Tsukiji Market Move to Toyosu in 2014

NHK reports on the evening news that it has been decided that the world’s largest seafood market, Tsukiji Market, will move to Toyosu in 2014. While the information in this brochure is in Japanese, if you scroll down you can see sketches of what the future market will look like. Space has been reserved to allow for tourists to overlook the market (I believe on a higher level so as not to get in the way of the workers). There will also be a shopping area and restaurants for the tourists. The link to the brochure above also has a map showing the current location and where the new market will be. As you can see, it is not very far from the current location.

 

Tsukiji Market Cheap Eats – Indo Curry Nakaei 印度カレー中栄

 

Tsukiji Nakaei Curry

Half and Half (Karakuchi and Tomato Fumi)

For over 100 years Indo Curry Nakaei 印度カレー中栄 has been making it’s spicy curry for the market workers. The original shop, in Nihonbashi, opened in 1912. Nihonbashi is where the fish market was before it moved to its current location. The curries here are made from scratch and the portions are large, perfect for workers from the market as they finish their day. In the short ten minutes that I was seated, a half-dozen workers came in. They are easy to recognize from their knee-high boots. Another worker came in and ordered several for take-away.

Most visitors to Tsukiji insist on eating sushi as it is as fresh as it  gets. And while that may be the case, long lines are now the norm. On top of that, diners are crammed into their seats, are often only served a set “omakase”, usually for about 3,675 JPY, and rushed through their  meal. For that same price I would much rather wait until lunch time, sit down at a notable restaurant  in Ginza, the glitzy shopping district bordering Tsukiji, and be allowed to linger and take the time to enjoy my meal.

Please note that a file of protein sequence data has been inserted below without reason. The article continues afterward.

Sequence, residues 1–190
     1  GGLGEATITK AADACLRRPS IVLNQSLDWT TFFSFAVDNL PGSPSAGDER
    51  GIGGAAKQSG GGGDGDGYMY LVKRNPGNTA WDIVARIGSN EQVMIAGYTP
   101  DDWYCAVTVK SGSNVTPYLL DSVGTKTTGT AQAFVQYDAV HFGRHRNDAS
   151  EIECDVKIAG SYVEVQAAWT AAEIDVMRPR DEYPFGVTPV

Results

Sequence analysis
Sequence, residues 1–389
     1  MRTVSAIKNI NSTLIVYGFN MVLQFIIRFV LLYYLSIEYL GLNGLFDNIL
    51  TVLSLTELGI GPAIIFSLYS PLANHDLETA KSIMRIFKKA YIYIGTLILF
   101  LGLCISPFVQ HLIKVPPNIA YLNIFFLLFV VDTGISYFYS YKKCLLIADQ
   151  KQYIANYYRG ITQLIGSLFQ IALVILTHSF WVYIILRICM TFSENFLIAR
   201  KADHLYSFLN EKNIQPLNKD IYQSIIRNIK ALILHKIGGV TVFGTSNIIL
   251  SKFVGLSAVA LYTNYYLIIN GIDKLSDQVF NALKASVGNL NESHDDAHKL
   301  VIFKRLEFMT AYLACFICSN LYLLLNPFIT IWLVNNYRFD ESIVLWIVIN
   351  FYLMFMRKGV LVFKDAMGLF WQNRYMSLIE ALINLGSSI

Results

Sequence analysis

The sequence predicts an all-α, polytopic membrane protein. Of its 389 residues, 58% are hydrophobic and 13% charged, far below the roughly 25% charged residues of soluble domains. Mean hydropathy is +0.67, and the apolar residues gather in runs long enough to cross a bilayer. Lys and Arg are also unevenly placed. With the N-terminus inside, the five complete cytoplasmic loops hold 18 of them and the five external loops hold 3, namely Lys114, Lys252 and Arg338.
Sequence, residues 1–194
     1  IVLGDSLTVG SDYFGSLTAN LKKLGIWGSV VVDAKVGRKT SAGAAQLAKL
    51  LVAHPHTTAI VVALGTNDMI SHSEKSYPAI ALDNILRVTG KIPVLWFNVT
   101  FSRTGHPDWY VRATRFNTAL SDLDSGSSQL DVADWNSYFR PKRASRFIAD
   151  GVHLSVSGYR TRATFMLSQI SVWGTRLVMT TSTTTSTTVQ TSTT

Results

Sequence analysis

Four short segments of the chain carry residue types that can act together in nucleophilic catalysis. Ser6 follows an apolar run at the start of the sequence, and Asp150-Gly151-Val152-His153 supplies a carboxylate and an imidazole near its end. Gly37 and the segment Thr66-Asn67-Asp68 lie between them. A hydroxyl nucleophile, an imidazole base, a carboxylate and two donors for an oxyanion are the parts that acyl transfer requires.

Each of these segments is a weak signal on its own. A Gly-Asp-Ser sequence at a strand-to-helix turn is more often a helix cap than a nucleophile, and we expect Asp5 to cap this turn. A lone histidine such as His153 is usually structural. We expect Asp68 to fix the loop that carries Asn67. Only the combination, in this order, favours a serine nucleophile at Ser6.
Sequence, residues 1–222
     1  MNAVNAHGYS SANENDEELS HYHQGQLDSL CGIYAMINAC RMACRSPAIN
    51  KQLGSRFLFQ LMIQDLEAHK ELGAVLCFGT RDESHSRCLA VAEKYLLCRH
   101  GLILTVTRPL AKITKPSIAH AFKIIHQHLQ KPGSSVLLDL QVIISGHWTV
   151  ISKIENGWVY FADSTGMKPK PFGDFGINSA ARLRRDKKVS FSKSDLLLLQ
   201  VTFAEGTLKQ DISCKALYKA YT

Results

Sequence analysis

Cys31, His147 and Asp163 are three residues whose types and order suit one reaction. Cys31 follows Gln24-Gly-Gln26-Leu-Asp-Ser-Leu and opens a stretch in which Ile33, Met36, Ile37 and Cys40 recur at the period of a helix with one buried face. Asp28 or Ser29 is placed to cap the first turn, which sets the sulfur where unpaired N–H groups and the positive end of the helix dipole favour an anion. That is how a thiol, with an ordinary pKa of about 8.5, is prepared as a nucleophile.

Which, is why when I visit I avoid sushi at Tsukiji. Indo Curry Nakaei has a simple menu of just three curries:

辛口 karakuchi – spicy Indian curry

甘口 amakuchi – sweeter beef curry

トマト風味 tomato fumi – hayashi rice with cinnamon, cumin, and other spices

It’s possible to order half & half which is what you see above, the karakuchi and tomato fumi. The pork curry, simmered for six hours, packs a spicy punch, enough to warm your body up now that it’s getting cold in Tokyo. The hayashi rice is slightly sweet from the tomatoes and other vegetables used in this dish. It is also a nice way to balance the heat from the curry. Note that the rice portion is large, so if you aren’t that hungry or are planning to graze in the outer market, ask for less rice “gohan wa sukuname”.

The tiny cafe has a long U-shaped counter with space behind it for only one. The counterman is a skilled multi-tasker; greeting regulars by confirming their usual order, explaining the menu to newcomers, serving drinks and curry, and managing the cashbox.  The kitchen had three staff, the most senior who manned the stove. And, not sure, but by the photo on the website, it looks to be a family affair. On this day, seven of the diners were Tsukiji fishmongers and three of us were visitors. The restaurant was very welcoming to us.